The main objective of karyotyping is to throw some light in classification, evolution and heredity of the concern species. The cytogenetic techniques are considered as authentic tools for species and have extensively been used to resolve taxonomic ambiguities in closely related species. The ancestral karyotype for P. sophore probably contained 2n=50 chromosomes [10]. But after that, it was changing and remains constant. Previously, the karyotype of P. sophore was studied in only three localities across India (Table 1). In only one population different diploid number of chromosomes was reported (Table 1) though karyotype formula was found to be different in all the studied populations. However, similar structure of the karyotype observed between some populations, could be due to intrapopulation differentiation. Chromosomal variability may be associated with rearrangements, leading to a change of the position of the centromere.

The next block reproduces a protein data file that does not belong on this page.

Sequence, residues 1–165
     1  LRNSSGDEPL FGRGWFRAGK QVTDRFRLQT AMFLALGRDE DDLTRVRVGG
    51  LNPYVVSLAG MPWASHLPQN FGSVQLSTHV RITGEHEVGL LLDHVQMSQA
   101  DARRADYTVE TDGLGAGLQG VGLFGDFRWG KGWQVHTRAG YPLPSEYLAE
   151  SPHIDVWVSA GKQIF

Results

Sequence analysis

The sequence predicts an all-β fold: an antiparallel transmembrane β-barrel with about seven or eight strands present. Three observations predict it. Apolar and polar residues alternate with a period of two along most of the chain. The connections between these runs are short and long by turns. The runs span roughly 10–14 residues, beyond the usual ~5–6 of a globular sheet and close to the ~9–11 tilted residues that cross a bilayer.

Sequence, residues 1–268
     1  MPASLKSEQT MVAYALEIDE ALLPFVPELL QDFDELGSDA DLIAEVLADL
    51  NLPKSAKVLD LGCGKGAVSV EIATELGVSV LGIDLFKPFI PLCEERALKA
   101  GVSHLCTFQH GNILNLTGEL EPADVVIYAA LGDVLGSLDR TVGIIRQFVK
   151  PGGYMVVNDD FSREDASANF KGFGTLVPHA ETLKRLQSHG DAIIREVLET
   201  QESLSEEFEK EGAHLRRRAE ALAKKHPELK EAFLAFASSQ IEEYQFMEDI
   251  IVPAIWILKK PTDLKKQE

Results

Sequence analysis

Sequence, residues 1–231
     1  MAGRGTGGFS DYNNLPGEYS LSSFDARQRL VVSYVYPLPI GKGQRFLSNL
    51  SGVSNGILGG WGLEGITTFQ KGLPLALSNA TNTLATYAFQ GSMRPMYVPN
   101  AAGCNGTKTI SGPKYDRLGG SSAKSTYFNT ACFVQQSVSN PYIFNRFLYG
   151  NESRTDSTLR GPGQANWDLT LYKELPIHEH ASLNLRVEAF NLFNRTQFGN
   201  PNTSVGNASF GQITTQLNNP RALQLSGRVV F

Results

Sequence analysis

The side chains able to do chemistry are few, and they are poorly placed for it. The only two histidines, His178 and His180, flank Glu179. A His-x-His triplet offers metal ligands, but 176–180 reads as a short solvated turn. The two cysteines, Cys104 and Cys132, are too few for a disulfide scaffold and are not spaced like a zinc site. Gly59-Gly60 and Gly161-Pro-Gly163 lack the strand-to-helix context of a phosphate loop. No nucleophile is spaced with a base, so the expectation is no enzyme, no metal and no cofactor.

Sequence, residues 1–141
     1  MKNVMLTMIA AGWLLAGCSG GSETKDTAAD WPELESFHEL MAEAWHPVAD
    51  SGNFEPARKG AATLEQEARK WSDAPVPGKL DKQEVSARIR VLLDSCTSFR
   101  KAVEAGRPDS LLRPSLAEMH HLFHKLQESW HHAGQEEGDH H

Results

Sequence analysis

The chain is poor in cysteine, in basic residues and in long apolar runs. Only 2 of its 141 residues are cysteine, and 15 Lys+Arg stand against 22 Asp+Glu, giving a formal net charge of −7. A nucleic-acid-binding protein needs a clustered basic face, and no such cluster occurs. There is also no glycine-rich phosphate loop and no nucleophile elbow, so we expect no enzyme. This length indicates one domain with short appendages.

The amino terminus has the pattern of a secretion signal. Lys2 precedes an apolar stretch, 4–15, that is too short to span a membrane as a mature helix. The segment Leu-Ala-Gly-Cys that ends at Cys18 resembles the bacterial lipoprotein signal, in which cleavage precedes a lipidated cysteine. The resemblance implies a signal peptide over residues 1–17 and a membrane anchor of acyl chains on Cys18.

Locality 2n Haploid karyotype Information source
Delhi (Western Jamuna Canal), India 50 12m+20sm+10st+8t Nayyar [10]
Orissa, India 48 2m+46t Biswai et al., 2010
 Central India 48 4m+2st+42t Saroniya et al., 2013
Assam, India 48 4m+2st+42t This report
 

Table 1: Karyotype characteristics in P. sophore from different localities of India.

Thus, the karyotypes of all studied P. sophore populations from the Brahmaputra River have almost stable numbers of chromosomes. Further karyological study of P. sophore populations will probably allow us to reveal chromosomal variability associated with the rearrangements that change the structure of separate chromosomes without changing their number.

Acknowledgement

Authors are thankful to Department of Zoology, Gauhati University, India for providing laboratory facilities to carry out the investigation.

References